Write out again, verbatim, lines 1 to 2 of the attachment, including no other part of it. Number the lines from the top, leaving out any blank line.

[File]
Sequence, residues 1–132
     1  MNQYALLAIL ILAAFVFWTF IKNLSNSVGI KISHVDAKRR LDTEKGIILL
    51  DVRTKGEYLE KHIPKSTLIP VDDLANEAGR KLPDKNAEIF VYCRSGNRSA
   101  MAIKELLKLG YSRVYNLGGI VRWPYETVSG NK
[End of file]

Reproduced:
Sequence, residues 1–132
     1  MNQYALLAIL ILAAFVFWTF IKNLSNSVGI KISHVDAKRR LDTEKGIILL